Mennonites and Amish are very similar, but the Mennonites have a less strict guidelines for living, generally on the amenities side. But they are similar, and the Mennonite community has lost fewer members than the Amish community. I believe for even Mennonites creating business, they really are required by their religion to be fair and honest in all their dealings, not proud. And just by their nature are normally very hard working as that is a major part of their religion, like the Amish. They have the added benefit, that Philadelphia was one of the largest cities in our early history, so that area had the ability to be prosperous from a time that many other areas were not, it was the original bread basket of the colonies in the very beginning, and the ability to send food items to Philly. Philly historically was one of the great food centers for the country. And many Amish Mennonite businesses have succeeded in that area based on their culinary traditions (think of the Reading Market).

The Amish and Mennonites are actually very good at making money out of simple things and creating businesses when given the opportunity. In Garrett County the best bakery is there, and many women set up road stands in the summer to sell pies and fruit. There is a greenhouse and other businesses. Funny enough you will find similar great delis and little stores in many Mennonite and Amish areas, such as Verona, VA. Interestingly enough a lot of the businesses are mostly run by women as the men tend farms, the bakery I discussed above was started by two sisters who didn't want to marry, but needed to make an income. I think a lot of their businesses thrive because of their honesty and their prices are normally fair. From what I have experienced in my community they really try to price things fairly.

A lot of their things taste better also because they believe in honest butter and lard. I miss hand churned butter so much. You are definitely right there is so much we can learn from them. I was so blessed to grow up the way I did, I learned so much, and it definitely gave me a good work ethic. Of course my nanny is so sad that I am a lawyer, but she consoles herself with the fact that I do family law and try to help families and kids. I still think she prays for me quite a bit and wishes I would change professions.

This would be a really neat to research! Kibbee maybe next we can celebrate your book signing! I really think you are onto something neat. There are so many originally Pennsylvanian food companies, it is amazing to think back about how different things were before cross country shipping and refrigeration. I think I got a lot of info on Lancaster and Philly on the Burt Wolf shows I had no idea how historic of a food town Philly was until then, but it makes a lot of sense considering it's location.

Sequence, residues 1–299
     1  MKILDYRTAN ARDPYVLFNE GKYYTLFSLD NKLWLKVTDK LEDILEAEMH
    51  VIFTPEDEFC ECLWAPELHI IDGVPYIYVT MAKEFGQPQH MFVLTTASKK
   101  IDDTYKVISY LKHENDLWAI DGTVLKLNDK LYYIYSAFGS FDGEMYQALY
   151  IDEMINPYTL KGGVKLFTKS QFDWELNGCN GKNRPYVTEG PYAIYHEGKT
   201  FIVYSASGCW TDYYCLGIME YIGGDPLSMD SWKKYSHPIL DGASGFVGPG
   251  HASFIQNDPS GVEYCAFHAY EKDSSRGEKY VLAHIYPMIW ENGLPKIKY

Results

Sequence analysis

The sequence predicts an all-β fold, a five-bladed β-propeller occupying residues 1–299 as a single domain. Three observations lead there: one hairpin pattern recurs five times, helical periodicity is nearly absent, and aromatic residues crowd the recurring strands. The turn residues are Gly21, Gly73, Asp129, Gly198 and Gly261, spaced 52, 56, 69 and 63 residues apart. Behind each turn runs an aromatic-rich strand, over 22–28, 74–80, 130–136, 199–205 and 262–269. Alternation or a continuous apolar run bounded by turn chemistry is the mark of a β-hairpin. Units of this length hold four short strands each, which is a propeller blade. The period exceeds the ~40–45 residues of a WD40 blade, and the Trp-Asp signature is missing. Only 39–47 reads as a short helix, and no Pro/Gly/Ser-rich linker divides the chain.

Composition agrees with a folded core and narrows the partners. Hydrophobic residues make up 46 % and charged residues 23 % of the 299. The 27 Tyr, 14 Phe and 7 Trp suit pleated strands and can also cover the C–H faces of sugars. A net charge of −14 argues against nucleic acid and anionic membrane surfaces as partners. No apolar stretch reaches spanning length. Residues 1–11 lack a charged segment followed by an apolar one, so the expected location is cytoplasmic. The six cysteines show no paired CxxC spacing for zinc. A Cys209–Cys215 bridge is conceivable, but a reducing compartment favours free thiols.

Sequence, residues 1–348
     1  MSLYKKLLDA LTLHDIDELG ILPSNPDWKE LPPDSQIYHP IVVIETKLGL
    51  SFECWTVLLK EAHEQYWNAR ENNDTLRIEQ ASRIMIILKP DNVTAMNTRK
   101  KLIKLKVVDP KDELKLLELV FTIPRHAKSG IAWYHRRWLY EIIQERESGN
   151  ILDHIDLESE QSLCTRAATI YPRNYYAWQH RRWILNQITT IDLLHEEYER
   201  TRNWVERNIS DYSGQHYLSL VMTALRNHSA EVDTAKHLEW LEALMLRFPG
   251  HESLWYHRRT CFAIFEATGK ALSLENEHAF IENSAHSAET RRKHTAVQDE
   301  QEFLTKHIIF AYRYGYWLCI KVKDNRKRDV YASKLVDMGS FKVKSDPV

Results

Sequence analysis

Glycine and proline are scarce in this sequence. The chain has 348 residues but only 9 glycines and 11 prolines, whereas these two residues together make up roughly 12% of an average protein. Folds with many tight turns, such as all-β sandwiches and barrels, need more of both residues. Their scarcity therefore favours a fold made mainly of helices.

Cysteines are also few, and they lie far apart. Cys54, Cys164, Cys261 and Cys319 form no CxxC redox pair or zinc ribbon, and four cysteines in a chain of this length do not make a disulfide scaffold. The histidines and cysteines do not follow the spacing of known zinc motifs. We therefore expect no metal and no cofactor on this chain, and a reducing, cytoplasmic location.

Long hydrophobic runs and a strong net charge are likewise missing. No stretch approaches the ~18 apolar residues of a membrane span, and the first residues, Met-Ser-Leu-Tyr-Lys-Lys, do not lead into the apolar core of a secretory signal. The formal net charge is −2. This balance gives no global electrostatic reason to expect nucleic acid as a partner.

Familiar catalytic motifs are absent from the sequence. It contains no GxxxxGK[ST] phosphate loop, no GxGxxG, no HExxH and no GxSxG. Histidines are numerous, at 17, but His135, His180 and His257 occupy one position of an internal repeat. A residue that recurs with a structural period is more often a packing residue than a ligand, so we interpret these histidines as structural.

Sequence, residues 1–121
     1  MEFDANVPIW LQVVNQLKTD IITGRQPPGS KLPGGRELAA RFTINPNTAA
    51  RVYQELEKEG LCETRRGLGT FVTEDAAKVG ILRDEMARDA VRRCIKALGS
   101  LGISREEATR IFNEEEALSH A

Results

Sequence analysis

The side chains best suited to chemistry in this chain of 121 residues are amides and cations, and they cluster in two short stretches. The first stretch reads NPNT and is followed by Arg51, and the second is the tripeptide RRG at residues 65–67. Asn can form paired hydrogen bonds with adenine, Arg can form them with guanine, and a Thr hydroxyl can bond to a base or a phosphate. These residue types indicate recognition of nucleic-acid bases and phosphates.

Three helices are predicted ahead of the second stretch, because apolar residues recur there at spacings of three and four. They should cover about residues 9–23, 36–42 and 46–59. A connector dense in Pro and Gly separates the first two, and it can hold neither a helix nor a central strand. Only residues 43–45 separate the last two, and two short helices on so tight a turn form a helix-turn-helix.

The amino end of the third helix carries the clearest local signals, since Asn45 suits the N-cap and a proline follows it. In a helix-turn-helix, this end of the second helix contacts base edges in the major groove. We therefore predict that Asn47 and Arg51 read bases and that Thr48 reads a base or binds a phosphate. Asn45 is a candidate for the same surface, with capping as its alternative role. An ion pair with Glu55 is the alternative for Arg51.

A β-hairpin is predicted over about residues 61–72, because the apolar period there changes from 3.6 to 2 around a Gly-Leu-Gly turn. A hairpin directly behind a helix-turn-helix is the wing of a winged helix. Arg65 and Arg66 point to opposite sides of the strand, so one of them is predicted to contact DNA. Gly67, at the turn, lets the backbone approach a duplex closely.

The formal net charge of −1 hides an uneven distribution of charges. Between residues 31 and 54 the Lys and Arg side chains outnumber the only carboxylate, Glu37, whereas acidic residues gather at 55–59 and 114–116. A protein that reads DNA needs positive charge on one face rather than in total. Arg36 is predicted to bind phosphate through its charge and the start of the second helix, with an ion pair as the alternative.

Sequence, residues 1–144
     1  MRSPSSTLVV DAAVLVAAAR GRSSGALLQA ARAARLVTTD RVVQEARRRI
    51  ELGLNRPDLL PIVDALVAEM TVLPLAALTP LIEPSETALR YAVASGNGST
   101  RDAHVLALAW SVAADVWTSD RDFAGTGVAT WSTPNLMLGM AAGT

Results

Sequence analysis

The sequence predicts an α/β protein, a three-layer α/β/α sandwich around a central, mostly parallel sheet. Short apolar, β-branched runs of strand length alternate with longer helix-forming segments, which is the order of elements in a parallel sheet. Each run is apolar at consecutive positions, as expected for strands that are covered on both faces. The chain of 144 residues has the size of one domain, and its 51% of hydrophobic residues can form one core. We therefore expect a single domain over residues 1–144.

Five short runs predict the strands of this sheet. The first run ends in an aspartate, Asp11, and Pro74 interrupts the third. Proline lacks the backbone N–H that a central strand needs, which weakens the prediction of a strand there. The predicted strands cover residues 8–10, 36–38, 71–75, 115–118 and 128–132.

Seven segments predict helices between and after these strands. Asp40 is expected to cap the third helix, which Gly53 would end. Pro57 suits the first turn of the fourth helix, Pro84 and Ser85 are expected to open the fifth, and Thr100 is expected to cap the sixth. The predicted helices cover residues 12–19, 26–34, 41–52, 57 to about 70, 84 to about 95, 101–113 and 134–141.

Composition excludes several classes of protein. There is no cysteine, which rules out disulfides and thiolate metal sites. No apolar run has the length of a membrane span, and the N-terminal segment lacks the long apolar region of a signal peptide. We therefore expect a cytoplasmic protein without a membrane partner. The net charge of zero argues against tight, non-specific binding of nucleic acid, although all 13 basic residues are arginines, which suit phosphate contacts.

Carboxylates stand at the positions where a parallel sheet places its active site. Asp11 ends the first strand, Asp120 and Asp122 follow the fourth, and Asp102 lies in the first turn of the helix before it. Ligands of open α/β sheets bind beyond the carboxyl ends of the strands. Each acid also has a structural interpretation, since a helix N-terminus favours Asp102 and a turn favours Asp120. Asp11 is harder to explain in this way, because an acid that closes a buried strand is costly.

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Thanks for the reply, Katelin. Where did you grow up?

You describe the Amish side of the equation well. The big markets I was referring to are either owned by the Lancaster County entrepreneurs -- the Mennonites -- or else reflect the hard working ethic of Lancaster County. The Amish are deeply involved in all aspects of the Lancaster County food scene, but they aren't trying to establish large businesses and make a lot of money.

Another unique Lancaster County example -- you won't find a 7-Eleven anywhere. Turkey Hill, which was started by a Mennonite family -- I grew up with one of the Frey daughters -- dominates the convenience store market in Lancaster County. Turkey Hill was an actual dairy, and then the convenience stores were started by the same family in the '60s to better sell the dairy products, then both were bought by Kroger a few decades ago.

And yet another example -- in 1976 I worked in downtown Lancaster at the big Post Office, as a part-timer when I was in college. That big building is now the global headquarters for Auntie Anne pretzels, founded in 1988 by the Beilers, another Mennonite family.

There's something different about the source-to-consumer food industry in Lancaster. I think Katelin did an admirable job in explaining the work ethic, but I think there's more there that we could be learning from down here.

I grew up on a farm close to Oakland in Garrett County, MD, the Amish town nearby is called Pleasant Valley. I have had my Nanny since I was 9 months old and went to her home daily during the week, and in summers until I was old enough to stay home by myself.